South American archbishop sees ‘denial’ and ‘hypocrisy’ in Canadian leaders’ statement

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Archbishop Gregory Venables, primate (national archbishop) of the South American Province of the Southern Cone.

Canadian Anglican leaders are practicing “either denial or hypocrisy” when they criticize bishops who want to cross national and diocesan jurisdictions to minister to congregations that are conservative on the issue of homosexuality, said Archbishop Gregory Venables, primate, or national archbishop, of the South American Province of the Southern Cone.

“They have broken historic agreements – the Lambeth Conference agreement and the Windsor Report – to go ahead with blessing same-sex relationships. To use that argument against us is a bit odd, to say the least,” said Archbishop Venables in a telephone interview with the Anglican Journal.

On Nov. 29, Canada’s primate, Archbishop Fred Hiltz, and four regional archbishops, released a statement that said “we deplore recent actions on the part of the primate and General Synod of the Province of the Southern Cone to extend its jurisdiction into Canada through the Essentials Network Conference. This action breaks fellowship within the Anglican Church of Canada and the Anglican Communion.”

The letter also cited “ancient canons of the church going as far back as the 4th century, as well as statements of the Lambeth Conference, the Windsor Report” and a communique from a primates’ meeting earlier this year.

International statements and agreements in recent years concerning the Anglican controversy over homosexuality have referred to a need for moratoria on the blessing of same-sex couples or the ordination of gay priests or bishops. They have also called for an end to boundary-crossing by priests and bishops.

At a conference held Nov. 22-23 in Burlington, Ont, a conservative group called the Anglican Network in Canada announced that Archbishop Venables and his province would accept conservative Canadian churches as members. Two retired Canadian bishops relinquished their licenses to minister in Canada and were accepted as bishops in the Southern Cone and two churches in British Columbia said they would seek membership in the province.

When asked what he could offer Canadian parishes, Archbishop Venables said, “a place of holding so those who feel they can’t stay within the Anglican Church of Canada, given the decisions that have been made, have a way to remain in the Anglican Communion until this difficult situation is resolved. They don’t have to abandon Anglicanism.”

A citizen of the United Kingdom, Archbishop Venables said he has visited Canada several times and is familiar with the Canadian church. He has no immediate plans to visit Canada, but said that “if things proceed, I should imagine I would be visiting at some point.”

Pastoral care for parishes that join the Southern Cone will be provided by the two retired bishops, Don Harvey and Malcolm Harding, he said. (The two churches that have joined are not members of the Anglican Church of Canada, although they had their roots in Anglican congregations.)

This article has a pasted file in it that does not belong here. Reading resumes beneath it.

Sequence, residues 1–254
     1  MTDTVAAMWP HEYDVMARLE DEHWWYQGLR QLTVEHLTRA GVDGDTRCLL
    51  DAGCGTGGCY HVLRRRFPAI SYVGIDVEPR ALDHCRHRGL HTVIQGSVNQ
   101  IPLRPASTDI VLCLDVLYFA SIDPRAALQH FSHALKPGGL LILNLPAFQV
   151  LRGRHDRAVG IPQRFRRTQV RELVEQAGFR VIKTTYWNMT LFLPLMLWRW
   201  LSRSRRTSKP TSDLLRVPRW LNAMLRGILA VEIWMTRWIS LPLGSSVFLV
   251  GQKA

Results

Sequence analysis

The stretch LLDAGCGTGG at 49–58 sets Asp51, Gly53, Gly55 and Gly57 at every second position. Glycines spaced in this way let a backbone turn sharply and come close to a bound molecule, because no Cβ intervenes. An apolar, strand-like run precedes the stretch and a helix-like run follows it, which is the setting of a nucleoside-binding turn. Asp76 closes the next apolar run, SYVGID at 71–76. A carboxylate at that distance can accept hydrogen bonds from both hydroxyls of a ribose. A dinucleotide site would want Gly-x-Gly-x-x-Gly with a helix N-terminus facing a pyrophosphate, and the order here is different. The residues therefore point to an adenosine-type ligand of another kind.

The Canadian church leaders’ statement also said Archbishop Venables’ actions are “not necessary,” since the Canadian church has made “adequate and appropriate provision for the pastoral care and episcopal support” of those who are in disagreement with their diocese or national church.

The dissenting churches do not feel the provisions are adequate, the Southern Cone primate said. “Both sides have to agree. They don’t agree with what is offered, otherwise they would have accepted it,” he said.

Dissenting parishes in disagreement with their diocesan bishops have asked for a visiting conservative bishop with full jurisdiction that would include appointing clergy and performing confirmations, but the alternative episcopal oversight plan the Canadian bishops currently offer contains limited jurisdiction.

The sexuality issue isn’t the only area of concern, said Archbishop Venables. “The sexuality issue is the presenting issue, but there are things about Scripture, about who Jesus is. The creeds have seen Jesus Christ as the son of the God and the one way to God the father,” said Archbishop Venables.

In recent years, writings by Canadian bishop Michael Ingham, whose New Westminster diocese allows blessing ceremonies for gay couples, and others, have espoused pluralism, the concept that there is more than one way to God, he said. “Jesus is seen as an option. His divinity is not an objective fact. That pluralism is a denial of the basic Christian faith,” said Archbishop Venables.

When asked whether his views would make relations with Archbishop Hiltz awkward, especially at meetings of the primates, Archbishop Venables, who said he has not met Archbishop Hiltz, responded that, “We recognize that there are differences. I was good friends with (the former primates, Archbishops) Michael Peers and Andrew Hutchison. We got along and had candid and friendly dialogues.”

Archbishop Venables said the Southern Cone’s triennial synod, held earlier in November, voted to extend the membership offer to North American parishes and has had “lots of open dialogue” on the question of Christian attitudes toward homosexuality.

“We recognize some people experience themselves as having a homosexual identity, and we extend all love to them. But we do not feel it goes with Scripture and cannot accept them as ordained clergy or say their relationships can be blessed,” he said.

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Solange De Santis was a reporter for the Anglican Journal from 2000 to 2008.

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